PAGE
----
Sometimes, such discussion leads to the realisation that there is a need for two separate versions. For example, one person may want to make a given image green and the other person may want to make it red. After talking about it and attempting to reach a consensus, they may realise that there might be a need for both a green and a red image. In that case, the sensible solution is of course to upload two or more separate files, e.g. Image:Star of David.svg (blue), Image:Magen David Adom.svg (red), and Image:Black Star of David.svg. Remember, however, that this must never be done just to satisfy a possessive person who will not tolerate modification of a file. Such a person should be invited to read this policy.

Taste may differ edit

Remember that taste between users may differ (de gustibus non est disputandum). What some users consider an improvement to an image may be considered by some a mutilation. It may therefore sometimes be advisable to upload improvements as separate files instead of overwriting the original and link to the modified version in the other versions field of the description template.

While the creator of a freely-licensed image cannot control how it is used or modified once published, all Creative Commons licenses allow the creator to waive the attribution requirement or request the removal of attribution from modified versions (4.0 licenses also allow this for unmodified versions). In this manner, the creator may distance themselves from a derivative or usage they don't approve of or want to be associated with.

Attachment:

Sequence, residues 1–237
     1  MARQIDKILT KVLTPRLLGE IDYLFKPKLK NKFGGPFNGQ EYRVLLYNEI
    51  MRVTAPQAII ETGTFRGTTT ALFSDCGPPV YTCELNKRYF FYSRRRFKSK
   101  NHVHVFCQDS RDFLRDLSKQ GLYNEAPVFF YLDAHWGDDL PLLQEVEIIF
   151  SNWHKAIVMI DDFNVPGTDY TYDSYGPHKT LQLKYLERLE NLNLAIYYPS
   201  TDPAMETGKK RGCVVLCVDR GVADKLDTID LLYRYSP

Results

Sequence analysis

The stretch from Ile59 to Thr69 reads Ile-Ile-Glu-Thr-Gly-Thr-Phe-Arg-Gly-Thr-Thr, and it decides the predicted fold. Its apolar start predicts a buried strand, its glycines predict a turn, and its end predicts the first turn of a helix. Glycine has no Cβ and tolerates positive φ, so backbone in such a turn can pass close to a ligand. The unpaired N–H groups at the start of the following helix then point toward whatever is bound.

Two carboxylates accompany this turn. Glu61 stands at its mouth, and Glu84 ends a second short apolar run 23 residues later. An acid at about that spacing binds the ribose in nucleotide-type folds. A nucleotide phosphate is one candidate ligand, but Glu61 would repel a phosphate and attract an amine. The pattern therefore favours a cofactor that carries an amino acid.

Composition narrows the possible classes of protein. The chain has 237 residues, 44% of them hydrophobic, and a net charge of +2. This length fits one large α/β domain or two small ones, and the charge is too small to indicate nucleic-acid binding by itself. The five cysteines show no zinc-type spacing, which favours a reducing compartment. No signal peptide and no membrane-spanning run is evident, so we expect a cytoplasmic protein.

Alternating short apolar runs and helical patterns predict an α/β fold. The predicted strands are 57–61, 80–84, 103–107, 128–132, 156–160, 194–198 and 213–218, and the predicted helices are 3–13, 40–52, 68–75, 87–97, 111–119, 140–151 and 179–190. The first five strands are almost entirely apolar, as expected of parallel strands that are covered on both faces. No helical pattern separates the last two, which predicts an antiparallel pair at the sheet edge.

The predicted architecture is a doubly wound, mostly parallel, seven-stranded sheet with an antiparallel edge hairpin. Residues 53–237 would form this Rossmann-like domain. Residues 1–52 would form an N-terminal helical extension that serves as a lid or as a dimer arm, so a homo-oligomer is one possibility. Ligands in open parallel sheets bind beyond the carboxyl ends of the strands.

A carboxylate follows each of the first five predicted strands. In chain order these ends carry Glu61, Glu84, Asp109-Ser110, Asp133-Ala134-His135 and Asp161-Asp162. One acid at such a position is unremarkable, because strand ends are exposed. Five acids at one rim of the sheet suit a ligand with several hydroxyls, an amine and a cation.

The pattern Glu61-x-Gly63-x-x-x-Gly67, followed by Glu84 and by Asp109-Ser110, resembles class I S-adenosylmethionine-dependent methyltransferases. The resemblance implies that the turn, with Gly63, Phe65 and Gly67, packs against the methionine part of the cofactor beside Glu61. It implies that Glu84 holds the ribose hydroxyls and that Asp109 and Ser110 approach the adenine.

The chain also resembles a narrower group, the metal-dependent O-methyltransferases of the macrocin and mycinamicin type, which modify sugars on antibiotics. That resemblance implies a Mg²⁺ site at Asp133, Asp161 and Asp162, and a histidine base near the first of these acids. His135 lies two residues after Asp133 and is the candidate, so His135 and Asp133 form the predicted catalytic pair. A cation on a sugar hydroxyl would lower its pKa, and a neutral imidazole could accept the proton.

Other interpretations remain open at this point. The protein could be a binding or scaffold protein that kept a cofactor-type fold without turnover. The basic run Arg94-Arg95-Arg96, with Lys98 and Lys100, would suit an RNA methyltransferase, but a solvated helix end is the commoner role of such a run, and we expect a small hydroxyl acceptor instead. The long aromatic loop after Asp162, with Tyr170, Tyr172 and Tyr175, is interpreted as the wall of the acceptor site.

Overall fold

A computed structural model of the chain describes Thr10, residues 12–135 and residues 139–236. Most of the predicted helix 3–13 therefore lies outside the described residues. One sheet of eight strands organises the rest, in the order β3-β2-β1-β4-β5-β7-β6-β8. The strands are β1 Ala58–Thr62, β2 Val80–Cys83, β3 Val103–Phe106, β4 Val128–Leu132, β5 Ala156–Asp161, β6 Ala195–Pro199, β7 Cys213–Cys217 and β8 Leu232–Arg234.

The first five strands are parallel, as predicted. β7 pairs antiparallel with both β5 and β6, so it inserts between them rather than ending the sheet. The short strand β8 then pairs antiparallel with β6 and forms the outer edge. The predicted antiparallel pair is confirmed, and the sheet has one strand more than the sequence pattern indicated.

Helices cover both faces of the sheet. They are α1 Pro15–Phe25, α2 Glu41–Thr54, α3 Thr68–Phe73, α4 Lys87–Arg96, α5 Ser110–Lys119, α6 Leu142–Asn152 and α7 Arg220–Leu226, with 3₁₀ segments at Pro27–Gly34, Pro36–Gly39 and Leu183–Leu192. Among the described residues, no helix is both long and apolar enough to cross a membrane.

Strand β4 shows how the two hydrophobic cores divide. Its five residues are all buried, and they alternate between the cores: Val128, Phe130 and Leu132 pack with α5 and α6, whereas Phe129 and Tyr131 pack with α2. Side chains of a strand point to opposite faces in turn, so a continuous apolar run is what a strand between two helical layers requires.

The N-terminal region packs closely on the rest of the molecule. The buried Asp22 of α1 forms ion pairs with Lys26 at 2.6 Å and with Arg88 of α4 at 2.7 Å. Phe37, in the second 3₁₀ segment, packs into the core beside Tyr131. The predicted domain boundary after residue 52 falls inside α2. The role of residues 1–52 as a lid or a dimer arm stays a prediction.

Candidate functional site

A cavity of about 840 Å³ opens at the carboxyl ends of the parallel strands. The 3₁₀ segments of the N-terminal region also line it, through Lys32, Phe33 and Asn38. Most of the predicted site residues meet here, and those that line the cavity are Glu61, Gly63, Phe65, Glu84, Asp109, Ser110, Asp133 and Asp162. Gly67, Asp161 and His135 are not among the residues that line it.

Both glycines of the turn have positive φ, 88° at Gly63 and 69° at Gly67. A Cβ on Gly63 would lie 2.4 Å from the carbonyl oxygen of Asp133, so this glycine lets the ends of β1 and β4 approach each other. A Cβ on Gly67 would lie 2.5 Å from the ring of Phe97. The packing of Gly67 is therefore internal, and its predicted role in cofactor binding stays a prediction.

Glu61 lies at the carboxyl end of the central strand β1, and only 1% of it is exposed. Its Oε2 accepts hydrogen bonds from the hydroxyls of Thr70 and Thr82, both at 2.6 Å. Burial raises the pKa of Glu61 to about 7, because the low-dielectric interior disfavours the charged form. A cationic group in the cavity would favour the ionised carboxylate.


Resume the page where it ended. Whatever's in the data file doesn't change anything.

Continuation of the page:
Deletion edit

A common misapprehension is that being the author of a file gives you special rights over whether it is deleted or not. In reality, you gave up that right when you released the file under a free licence.


  • If an image uploaded by you is renamed and deleted (e.g. from DSC123456.jpg to Paris_by_night.jpg) you have no special right to protest about this.
  • If an image uploaded by you is listed for deletion at Commons:Deletion requests, you have the right to be notified, and a right to put forward reasons to keep the image, but if the consensus is to delete, and an admin carries out the deletion, you have no special right to protest about this.
  • If you upload an image but then decide that you don't want it to be on Commons any more, then you have the right to list it at Commons:Deletion requests, and the other users there may sympathise with you as the uploader and support a courtesy deletion. However, if the consensus is to keep the image, it will be kept, and you have no special right to protest about this.

External links edit